As avid crafters will have noticed, digi stamps have exploded in popularity, so Alice Lipscombe-Southwell shares her top tips on how to get the best from them...
A digi stamp is an image you can buy (or occasionally download for free) from craft websites. They may also be called digital stamps, or more affectionately ‘digis’. Once you’ve bought your stamp, you can simply print it off and colour it in as you would with a traditional stamped image.
There’s a great range of digi stamps at www.cardmakingandpapercraft.com Simply click on ‘Cardmaking’ then ‘Digital downloads’ and take your pick.
Although elements of digi stamps are similar to Clip Art, there is a big difference. Most digi stamps have been designed by crafters, for crafters – so they understand what stampers like! Digi stamps are designed to be fun to colour or to create stunning effects. There are even renowned artists (such as children’s book illustrator Mo Manning) who design them.
The second point of difference is that digi stamps are higher quality to give you sharper outlines and to allow you to resize without a loss in resolution (print quality). Sometimes you’ll find the file name of a digi stamp ends in .png which means the background is ‘transparent’. Look out for these if you want to print images onto coloured or patterned paper. This image below was printed onto textured card and coloured with brush markers for a watercoloured effect.
Die-hard fans of stamping may struggle to see how using digi stamps can really be classed as ‘proper’ stamping, but there is definitely room for both traditional and digi stamps in the modern craft room.
A huge benefit of digi stamps is their cost. Most retail at only a couple of pounds making them substantially cheaper than wood-mounted, rubber or clear stamps. And you can get them straight away, making them ideal if you need to make a card in a hurry.
Depending on what software you have, it is also possible to resize and even flip (create a mirror image of) the digital images to make them appropriate for cards of any shape or size. You can do this on Paint (which should already be installed if you have Windows) or Photoshop. Picasa and Gimp are image manipulation programmes you can download for free. It is easy to resize images in Word too and many computers will have this programme ready-installed.
Then of course there’s the fact that with digis you’re guaranteed a perfect image every time. You won’t need to worry about over- or under-inking a stamp or getting shaky hands ever again! Digi stamps are really quick to use, too. Use the Copy and Paste function to fill a page with lots of digi stamps and print them off in a matter of minutes.
And finally, no storage problems! If you’re anything like me your craft room is over-flowing with rubber stamps, whereas digi stamps can be stored on your computer or on CD. If you do a lot of travelling, pop them onto a USB stick and you can take them with you!
No, any type of printer can do the job, however, the type of printer that you use can make a big difference to the quality of your printed image.
Depending on your printer, you may find that colouring your image with watercolours or alcohol markers (such as Copics or ProMarkers) can cause the outlines to smudge. If this happens, don’t worry as there are a number of solutions. It’s best to experiment and see which one you prefer.
Firstly, you can try blasting the image with a heat gun to set the ink. Alternatively, drawing over the image with an embossing pen and heat embossing with clear powder will do the job if the image isn’t too fiddly – but intricate images take forever to treat in this way! A simpler solution is to use Ghiant Inkjet Fixative in Matt finish (£7.40, available from www.greatart.co.uk). A quick spritz of this after printing should stop any bleed. For a budget option, one of our designers Dawn Phillips uses cheap hairspray as a fixative instead! The fairy below was sprayed with fixative and coloured with ProMarkers.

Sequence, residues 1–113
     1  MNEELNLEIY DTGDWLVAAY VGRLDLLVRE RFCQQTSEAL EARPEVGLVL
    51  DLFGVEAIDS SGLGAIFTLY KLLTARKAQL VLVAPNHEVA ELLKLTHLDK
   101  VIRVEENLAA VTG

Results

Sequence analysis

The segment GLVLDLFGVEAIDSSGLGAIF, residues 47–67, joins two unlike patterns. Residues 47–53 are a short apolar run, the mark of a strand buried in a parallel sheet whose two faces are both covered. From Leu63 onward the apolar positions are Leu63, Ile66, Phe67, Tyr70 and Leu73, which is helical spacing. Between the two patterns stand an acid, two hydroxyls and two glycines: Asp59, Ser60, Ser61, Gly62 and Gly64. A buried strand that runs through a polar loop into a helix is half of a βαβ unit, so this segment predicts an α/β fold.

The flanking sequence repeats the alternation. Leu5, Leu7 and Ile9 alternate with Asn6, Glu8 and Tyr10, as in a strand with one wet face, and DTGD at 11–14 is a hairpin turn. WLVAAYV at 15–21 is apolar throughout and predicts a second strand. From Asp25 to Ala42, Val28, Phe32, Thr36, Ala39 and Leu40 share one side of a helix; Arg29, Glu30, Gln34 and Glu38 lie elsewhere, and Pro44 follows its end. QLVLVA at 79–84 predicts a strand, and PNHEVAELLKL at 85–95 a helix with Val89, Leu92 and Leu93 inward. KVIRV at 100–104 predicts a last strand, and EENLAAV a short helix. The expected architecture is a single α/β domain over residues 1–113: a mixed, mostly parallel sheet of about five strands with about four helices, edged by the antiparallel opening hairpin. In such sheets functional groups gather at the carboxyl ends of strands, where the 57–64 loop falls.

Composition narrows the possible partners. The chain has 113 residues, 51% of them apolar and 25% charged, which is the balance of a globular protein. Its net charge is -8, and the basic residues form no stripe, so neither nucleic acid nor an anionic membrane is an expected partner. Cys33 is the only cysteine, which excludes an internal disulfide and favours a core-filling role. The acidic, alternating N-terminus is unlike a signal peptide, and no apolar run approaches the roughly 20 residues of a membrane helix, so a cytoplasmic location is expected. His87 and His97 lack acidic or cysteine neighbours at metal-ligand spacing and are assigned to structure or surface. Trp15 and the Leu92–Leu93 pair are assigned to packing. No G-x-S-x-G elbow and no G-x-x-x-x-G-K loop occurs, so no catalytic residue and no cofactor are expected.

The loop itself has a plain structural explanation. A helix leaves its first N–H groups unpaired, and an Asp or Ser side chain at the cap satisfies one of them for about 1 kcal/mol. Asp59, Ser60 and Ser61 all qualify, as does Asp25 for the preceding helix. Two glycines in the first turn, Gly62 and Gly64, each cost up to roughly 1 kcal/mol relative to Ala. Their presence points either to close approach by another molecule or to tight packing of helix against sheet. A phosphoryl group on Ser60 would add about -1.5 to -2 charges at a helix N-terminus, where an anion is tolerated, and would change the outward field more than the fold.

If you try all these methods and still have no success, try colouring your image using ‘dry’ colouring mediums such as chalks and coloured pencils, which are available in a variety of pastel and bold shades and won’t make the image bleed. Try highlighting images with glitter for a pretty effect.
After extensive testing, I’ve found that you get the best results printing onto card or paper of at least 120gsm (this refers to the weight of the paper). This will ensure that your image looks professional and any colour you add will really ‘pop’! Just double-check that your printer can take thicker paper and card before trying to print. Most can, but you may have to adjust your settings. I recommend Neenah Classic Crest card, £3.99, or Smooth White Digital Cardstock, £9.95.
You can be just as inventive with digi stamps as you can with rubber stamps, you don’t have to stick to white card or paper. Try printing onto patterned paper for paper piecing projects and discover the stylish effects you can get by printing digis onto printable acetate and vellum (set your printer to the fast or draft setting for this to prevent ink overload). You can even layer images to create gorgeous scenes!
When you’re buying digi stamps you’ll notice that most websites list an Angel Policy. It is essential that you read this thoroughly to ensure you don’t infringe copyright laws. Generally, you can print off the stamps to colour in by hand to make your cards, which can then be sold for profit. Usually you are not allowed to print off and sell, share or swap the digi stamps without first making them into a card.
A further benefit of digi stamps is you can buy from sites around the world and not have to wait ages for delivery or pay hefty shipping prices. Visit a currency converter site (we like www.xe.com) for an estimate of how much your digi costs.